By the Book: Novels with Ghosts of Many Kinds

The Flip by Michael Phillip Cash
The Flip by Michael Phillip Cash

The back-jacket bio on Long Island fiction writer Michael Philip Cash notes his interest in horror and the paranormal. Both are part of the plot of his latest novel The Flip (Red Feather Publishing). He also taps into a popular activity: flipping houses for profit.

Little do Brad and Julie Evans realize that Hemmings House, a 1859 Victorian mansion on Bedlam Street in Cold Spring Harbor, rattles around with restless spirits from Civil War days.

The book goes back and forth between contemporary times and 1862, and though the author says that creating this fictional tale was fun, he notes at the end that one of the story’s strands—slaves smuggled to Canada by way of an Underground Railroad safe house off the Jericho Turnpike—is factual. It’s unfortunate that this subject was not brought front and center, especially as Cash’s narrative shows that his Northern family in 1862 was split between helping slaves escape and selling out to bounty hunters. Instead, the author has his characters from the past interact with Brad and Julie by way of a haunting set in motion by a flirtatious belle from the past who has the hots for Brad and would destroy Julie in order to possess him.

Though contemporary fans of vampire romance may well be engaged, the story too frequently falls victim to irrelevant detail and cliché: “She watched the fabric of Brad’s shirt tighten against the muscles of his taut shoulders. He brushed back his bothersome hair that fell against his damp face, the weak sunlight glinting off the sweat of his burnished forearms.” Haunted houses occasioned by “haunted hearts seeking love?” Nice idea, but given the amount of pornography and violence on cable, The Flip is not likely to prove competitive.


What a different kind of haunting informs the timely and intriguing murder mystery, River of Glass, by award-winning thriller writer Jaden Terrell (The Permanent Press). The third in her Jared McKean murder mystery series, River of Glass is an exciting tale that will likely attract admirers of New York Times columnist Nicholas Kristof who often writes about sex trafficking and the abuse of young Asian women. Though the problem is international, Terrell, whose creds include being Executive Director for Killer Nashville, one of the country’s leading mystery groups, focuses her passionate, hard-boiled, not-without-humor nail-biting adventure in Tennessee, where young Asian women tricked into big-business forced prostitution are subject to sadistic overlords who delight in slow-death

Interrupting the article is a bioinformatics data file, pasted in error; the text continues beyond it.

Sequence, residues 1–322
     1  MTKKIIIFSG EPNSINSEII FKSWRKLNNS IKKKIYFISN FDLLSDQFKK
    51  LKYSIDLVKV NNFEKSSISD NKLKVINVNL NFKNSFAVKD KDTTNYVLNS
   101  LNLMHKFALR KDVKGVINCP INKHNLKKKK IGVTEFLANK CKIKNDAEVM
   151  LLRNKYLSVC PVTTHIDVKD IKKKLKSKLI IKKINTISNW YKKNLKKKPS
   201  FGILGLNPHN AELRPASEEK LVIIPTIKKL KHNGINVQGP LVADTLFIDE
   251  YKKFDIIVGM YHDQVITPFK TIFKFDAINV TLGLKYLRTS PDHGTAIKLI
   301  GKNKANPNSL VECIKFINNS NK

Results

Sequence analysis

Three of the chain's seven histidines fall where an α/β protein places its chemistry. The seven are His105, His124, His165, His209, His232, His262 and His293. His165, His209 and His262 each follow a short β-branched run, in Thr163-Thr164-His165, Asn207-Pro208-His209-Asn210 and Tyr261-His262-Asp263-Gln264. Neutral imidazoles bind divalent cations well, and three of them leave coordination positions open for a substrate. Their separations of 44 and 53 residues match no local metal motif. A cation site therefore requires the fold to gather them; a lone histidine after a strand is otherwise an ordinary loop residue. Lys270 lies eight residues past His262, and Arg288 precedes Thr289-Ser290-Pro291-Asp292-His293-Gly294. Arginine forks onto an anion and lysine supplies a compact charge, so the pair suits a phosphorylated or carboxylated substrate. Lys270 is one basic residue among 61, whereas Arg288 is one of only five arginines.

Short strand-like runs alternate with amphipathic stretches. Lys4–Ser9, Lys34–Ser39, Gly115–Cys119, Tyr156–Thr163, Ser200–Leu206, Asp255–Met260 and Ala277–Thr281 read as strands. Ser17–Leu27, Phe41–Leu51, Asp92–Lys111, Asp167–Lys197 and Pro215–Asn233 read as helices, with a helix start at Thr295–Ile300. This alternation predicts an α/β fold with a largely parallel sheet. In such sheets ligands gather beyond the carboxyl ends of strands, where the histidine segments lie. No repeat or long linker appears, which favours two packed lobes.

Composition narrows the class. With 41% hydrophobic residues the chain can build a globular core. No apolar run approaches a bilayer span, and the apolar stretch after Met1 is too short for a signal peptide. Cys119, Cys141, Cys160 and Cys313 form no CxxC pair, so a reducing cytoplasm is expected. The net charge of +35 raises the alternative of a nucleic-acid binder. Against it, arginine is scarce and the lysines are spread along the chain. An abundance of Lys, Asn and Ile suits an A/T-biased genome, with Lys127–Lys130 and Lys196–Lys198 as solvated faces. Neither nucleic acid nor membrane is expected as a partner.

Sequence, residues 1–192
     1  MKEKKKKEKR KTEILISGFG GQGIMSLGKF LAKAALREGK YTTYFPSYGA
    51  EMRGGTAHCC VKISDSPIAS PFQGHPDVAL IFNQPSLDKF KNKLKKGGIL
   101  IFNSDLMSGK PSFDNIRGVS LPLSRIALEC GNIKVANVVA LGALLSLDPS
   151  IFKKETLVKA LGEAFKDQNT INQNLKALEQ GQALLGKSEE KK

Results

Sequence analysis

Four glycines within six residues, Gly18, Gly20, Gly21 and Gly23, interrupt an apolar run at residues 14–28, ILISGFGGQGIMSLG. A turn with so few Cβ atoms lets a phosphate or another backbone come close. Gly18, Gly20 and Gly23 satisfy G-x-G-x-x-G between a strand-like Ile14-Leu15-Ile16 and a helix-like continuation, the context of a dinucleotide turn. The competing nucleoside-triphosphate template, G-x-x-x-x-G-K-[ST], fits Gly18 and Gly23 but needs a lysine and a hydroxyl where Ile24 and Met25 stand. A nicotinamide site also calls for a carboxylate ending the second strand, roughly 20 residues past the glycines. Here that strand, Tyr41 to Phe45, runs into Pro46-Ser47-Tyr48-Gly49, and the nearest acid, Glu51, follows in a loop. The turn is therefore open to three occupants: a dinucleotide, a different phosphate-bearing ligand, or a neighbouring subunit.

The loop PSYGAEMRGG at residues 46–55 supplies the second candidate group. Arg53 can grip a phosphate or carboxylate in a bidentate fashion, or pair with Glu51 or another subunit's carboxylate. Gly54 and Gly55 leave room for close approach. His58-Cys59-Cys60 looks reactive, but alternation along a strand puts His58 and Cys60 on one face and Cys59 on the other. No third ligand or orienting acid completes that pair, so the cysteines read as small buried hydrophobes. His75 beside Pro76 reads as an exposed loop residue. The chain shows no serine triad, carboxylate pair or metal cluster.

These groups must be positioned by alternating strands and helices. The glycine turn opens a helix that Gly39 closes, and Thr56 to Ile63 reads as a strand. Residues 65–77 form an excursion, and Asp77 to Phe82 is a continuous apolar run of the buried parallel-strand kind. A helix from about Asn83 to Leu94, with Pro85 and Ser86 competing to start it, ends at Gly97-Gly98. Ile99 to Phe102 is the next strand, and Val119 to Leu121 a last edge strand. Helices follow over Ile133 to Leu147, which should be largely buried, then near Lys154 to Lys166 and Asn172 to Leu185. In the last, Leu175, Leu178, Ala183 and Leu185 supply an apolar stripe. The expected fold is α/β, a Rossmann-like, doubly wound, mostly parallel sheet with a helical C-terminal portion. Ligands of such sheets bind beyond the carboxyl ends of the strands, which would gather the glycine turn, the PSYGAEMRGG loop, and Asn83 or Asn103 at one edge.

Nicely complicating her narrative with unusual but believable characters, Terrell gives P.I. McKean a Vietnamese half-sister, Khanh, who turns up on his doorstep one day and appeals to his sense of responsibility. It seems that McKean’s father, long dead, had a second family in Vietnam, where he served two tours of duty, and though his heart was in the right place, he was unable to get them out. His daughter, McKean’s half sister, who suffered childhood disfigurement from protecting her younger sister from an exploding mine, is a remarkably courageous and persistent woman. She has come to the states to find her daughter, Tuyet, a young, wild and naïve beauty, who ran off with a man who had placed an ad for young women seeking to pursue a career in America. Significantly, the book opens with an italicized passage describing the horror of Tuyet’s imprisonment at the hands of the sex-trafficking ringleaders.

The brother-sister detective team of McKean and Khanh may seem odd, but it works. Khanh, sardonic, savvy, tenacious, speaking abbreviated English, will not let McKean off the hook, or out of her sight, and he, reluctant to have her along, grudgingly but admiringly accepts her assistance and comes to appreciate the urgent necessity of the cause. Their quest leads them to tattooed sickos and high-tech pimp operatives who run a powerful sexploitation business in this country and abroad. Along the way, Terrell gives McKean a heartwarming, believable backstory and secondary characters who play distinct roles that advance the narrative in this fast-paced tale.

More from Our Sister Sites